With rumors spreading, tuition rising, and the recent change to the block rate spawning a student protest last week, students and faculty are looking for answers about Texas Wesleyan’s financial future.
After all, back in February, President Frederick Slabach announced at a town hall meeting that the university anticipates “having to cut $2.9 million from our operating budget for next year.”
“I think it scares people,” said Zahraa Saheb, former Student Government Association president. “The biggest thing that comes out of this for the students is the desire for transparency. Because students think, ‘We’re paying a lot towards this institution, where is that money going to? What is that money funding? What caused for this deficit to happen?’”
Slabach says people should not worry so much. Wesleyan is in a good financial position with domestic enrollment on the rise and several new or ongoing campus projects, such as April’s groundbreaking for the Nicholas and Lou Martin University Center.
The $2.9 million, he said in a recent interview, is not a deficit, but rather part of the annual process of balancing the university’s budget for the upcoming 2018-19 academic school year.
“Texas Wesleyan is completing its annual budget process for Fiscal Year 2019 (June 1, 2018 – May 31, 2019),” Slabach wrote last week in an email. “This process began last fall as all academic and administrative units began assessing needs and making requests for increases in operating budget. At the same time, the university began calculating enrollment projections for next academic year.”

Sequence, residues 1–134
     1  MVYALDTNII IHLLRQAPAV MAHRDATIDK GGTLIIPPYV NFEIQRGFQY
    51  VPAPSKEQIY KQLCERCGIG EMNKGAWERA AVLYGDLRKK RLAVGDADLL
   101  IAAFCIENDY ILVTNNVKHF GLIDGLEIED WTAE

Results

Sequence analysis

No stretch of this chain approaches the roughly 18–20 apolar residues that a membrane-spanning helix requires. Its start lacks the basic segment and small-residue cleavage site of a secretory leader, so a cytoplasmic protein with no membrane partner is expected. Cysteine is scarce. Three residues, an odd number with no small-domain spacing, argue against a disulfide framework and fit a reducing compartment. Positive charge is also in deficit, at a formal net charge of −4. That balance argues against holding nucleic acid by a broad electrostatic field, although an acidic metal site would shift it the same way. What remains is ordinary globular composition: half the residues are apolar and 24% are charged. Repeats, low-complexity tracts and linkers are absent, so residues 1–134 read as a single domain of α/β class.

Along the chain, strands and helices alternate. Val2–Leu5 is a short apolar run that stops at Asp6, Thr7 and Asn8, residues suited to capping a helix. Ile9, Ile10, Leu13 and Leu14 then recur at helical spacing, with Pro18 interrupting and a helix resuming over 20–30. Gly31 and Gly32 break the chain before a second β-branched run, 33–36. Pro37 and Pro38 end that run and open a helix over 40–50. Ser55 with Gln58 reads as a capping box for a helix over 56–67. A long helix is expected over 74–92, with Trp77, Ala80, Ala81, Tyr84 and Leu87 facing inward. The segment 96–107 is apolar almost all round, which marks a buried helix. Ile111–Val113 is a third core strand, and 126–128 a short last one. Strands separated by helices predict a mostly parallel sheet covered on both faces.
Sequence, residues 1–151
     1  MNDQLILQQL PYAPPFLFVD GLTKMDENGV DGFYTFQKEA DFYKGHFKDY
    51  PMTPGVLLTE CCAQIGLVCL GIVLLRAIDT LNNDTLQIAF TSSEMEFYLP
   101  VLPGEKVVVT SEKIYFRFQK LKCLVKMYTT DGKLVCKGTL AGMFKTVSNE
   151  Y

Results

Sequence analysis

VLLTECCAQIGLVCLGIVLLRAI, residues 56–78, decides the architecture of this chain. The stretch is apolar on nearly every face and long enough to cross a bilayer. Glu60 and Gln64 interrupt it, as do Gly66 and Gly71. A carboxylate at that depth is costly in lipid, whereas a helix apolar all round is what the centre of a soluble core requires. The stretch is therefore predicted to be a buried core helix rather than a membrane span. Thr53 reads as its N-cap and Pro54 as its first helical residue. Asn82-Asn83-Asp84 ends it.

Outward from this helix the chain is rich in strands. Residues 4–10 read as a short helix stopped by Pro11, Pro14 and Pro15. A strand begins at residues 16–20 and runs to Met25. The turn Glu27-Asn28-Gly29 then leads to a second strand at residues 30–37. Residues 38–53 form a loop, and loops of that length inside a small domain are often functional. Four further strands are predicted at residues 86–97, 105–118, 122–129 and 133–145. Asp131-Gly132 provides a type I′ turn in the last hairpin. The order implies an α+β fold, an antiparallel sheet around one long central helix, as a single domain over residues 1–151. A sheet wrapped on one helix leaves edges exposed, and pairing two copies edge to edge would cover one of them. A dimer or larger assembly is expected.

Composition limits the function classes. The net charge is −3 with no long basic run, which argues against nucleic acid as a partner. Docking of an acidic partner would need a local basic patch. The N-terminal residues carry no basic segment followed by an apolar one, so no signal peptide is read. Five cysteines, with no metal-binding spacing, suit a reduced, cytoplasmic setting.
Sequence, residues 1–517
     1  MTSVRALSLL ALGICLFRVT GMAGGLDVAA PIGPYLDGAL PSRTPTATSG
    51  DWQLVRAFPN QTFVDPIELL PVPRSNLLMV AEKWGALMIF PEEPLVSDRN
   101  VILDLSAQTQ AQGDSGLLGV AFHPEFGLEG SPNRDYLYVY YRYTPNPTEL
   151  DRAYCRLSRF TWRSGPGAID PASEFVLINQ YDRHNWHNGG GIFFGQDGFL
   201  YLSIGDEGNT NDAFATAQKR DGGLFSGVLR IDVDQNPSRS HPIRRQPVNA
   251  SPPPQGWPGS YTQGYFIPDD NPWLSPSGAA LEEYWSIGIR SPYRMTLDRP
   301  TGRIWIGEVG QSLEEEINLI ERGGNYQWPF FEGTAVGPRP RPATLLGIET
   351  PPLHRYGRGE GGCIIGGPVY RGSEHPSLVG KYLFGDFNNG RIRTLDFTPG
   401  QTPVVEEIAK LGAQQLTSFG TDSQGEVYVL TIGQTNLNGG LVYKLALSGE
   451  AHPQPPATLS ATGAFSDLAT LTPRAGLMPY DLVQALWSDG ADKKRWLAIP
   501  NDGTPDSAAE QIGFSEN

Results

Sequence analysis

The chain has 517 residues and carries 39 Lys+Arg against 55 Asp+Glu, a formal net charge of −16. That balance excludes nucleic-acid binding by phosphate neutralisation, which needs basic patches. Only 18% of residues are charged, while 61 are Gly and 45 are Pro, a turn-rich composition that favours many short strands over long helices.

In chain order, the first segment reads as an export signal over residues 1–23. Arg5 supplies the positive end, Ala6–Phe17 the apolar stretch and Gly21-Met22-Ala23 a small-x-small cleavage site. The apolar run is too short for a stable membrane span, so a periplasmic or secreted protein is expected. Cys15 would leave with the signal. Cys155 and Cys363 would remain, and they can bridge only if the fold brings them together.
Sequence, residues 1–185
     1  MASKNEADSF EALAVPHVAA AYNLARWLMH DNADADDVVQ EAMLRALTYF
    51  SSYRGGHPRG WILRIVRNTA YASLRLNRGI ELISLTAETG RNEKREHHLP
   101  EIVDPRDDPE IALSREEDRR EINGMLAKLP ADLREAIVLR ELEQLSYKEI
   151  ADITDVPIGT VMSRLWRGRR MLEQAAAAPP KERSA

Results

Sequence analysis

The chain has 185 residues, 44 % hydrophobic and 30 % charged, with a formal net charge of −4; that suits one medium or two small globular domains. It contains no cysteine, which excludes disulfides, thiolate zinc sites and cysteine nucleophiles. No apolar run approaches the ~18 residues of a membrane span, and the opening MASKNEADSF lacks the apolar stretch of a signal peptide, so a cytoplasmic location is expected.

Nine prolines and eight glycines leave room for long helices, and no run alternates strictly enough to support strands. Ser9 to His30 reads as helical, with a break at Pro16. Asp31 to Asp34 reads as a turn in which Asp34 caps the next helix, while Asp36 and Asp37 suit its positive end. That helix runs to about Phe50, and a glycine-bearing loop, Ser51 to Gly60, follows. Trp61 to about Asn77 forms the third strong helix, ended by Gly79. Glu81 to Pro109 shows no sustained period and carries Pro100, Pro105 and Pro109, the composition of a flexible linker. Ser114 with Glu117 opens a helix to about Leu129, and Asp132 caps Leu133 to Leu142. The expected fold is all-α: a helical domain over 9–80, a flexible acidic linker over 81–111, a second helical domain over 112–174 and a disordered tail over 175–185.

However, there is a projected reduction in revenue, which is why there are cuts being made.
“Every fall, every unit of academic administrative takes a look at its priorities and submits requests for additional funding to try and meet those priorities,” Slabach said. “We then look at our enrollment projections for the following year and make some calculations about what kind of revenue we think we’re going to have. Then we take a look at the priorities that have come forward and sometimes we’re just not able to fund some of those additional things that people want to do. Sometimes we say you know what it’s more important for us to do one of these new priorities then it is for some of the other things that we’re already doing.
“We go back and take a look at some other things that we’ve been doing and decide to make some cuts. It’s all just a part of a balancing act. In order to get there, if we want to include some new priorities or if we have a reduction in revenue then we have to look at other places to cut.”